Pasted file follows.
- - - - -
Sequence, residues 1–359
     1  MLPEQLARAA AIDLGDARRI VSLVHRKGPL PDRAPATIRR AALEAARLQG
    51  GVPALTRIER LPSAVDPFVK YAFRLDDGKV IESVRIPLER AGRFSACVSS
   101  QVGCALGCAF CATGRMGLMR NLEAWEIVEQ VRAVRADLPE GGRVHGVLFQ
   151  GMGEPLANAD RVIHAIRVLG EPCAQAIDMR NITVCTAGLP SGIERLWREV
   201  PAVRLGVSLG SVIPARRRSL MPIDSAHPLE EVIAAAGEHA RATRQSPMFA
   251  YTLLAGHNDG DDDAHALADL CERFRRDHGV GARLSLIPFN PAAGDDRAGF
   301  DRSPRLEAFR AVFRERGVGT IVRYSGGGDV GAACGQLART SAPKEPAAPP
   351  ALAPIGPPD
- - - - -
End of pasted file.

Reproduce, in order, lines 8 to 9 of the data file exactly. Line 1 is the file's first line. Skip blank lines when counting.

   301  DRSPRLEAFR AVFRERGVGT IVRYSGGGDV GAACGQLART SAPKEPAAPP
   351  ALAPIGPPD